Columns / Voices

The First Time

Dave   Kuhl

Everyone whose work is appearing in the pages of this annual should be proud. But if it’s your first time in here, the magnitude is heightened. You did it. You’re in the annual. You might be standing a little taller today, attacking new briefs with the panache of a conquering hero returning from battle. One guarantee: you’re saving this book forever. At first, you’ll need to flip to the index to look up the page (or pages!) you’re on, but it won’t take you long to commit that page number to memory. Even when important digits like your high school graduation year fade in old age, that page number will remain firmly imprinted on your cerebrum.

I’ve always looked at the Advertising Annual as that great permanent record of what’s good and who’s doing it” —Marty Senn

Your first time in Communication Arts is also a moment to think about its impact on your career and how you’ll reflect upon it years from now. I talked to several veterans of the business about their inaugural appearance in the CA Annual, what it meant to them and advice they have for this year’s CA newbies.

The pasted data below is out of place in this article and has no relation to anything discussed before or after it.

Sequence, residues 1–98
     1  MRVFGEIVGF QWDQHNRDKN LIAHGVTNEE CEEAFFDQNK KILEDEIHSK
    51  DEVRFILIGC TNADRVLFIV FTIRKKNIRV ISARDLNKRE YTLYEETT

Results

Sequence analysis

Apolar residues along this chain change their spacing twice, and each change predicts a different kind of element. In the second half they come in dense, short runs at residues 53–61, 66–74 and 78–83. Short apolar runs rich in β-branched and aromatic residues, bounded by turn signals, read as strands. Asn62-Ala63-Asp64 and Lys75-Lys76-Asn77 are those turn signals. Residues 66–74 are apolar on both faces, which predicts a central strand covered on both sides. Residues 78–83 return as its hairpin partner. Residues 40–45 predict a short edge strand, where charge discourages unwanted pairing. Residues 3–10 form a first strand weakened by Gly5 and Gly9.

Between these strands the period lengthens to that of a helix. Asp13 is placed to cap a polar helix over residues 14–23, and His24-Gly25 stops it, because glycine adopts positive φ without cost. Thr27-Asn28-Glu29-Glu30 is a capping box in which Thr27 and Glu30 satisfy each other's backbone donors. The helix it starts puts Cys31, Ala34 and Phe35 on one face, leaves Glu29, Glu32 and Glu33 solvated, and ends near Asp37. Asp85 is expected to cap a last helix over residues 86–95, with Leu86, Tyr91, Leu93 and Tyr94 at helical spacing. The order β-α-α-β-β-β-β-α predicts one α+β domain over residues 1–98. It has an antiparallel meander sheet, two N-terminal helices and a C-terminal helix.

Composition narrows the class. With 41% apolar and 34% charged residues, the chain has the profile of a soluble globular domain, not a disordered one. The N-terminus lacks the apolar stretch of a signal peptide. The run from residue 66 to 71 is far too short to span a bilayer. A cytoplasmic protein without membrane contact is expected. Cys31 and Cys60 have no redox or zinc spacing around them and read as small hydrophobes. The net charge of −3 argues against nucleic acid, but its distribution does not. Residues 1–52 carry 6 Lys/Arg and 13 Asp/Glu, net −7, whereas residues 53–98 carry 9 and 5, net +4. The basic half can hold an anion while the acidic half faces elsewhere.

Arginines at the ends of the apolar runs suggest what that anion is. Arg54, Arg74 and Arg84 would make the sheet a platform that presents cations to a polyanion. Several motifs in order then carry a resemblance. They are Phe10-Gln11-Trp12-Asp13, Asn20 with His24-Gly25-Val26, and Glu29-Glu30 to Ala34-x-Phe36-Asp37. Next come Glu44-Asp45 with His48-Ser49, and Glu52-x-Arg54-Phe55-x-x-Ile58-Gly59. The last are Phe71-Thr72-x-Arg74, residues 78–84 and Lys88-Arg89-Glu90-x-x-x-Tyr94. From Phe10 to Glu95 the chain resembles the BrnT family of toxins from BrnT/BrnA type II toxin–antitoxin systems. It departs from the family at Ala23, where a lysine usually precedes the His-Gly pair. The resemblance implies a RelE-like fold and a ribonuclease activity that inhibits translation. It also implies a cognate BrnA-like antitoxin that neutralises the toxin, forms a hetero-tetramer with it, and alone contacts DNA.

Early Admiration

Hardly a soul gets into CA and remarks, “What’s CA?” Known throughout the industry by just two letters, it often serves as the first textbook for aspiring creatives. Former BBH chief creative officer Ari Weiss remembers developing his fondness for CA while attending Boston University. He would return home during winter break and hunt for the CA Annual in the magazine racks of the local bookstore. “Communication Arts was always next to Architectural Digest,” he recalls. “I would flip through every page in total admiration of one incredible idea after another—the same way I had previously fallen in love with The Far Side and Calvin and Hobbes. And so my obsession began.”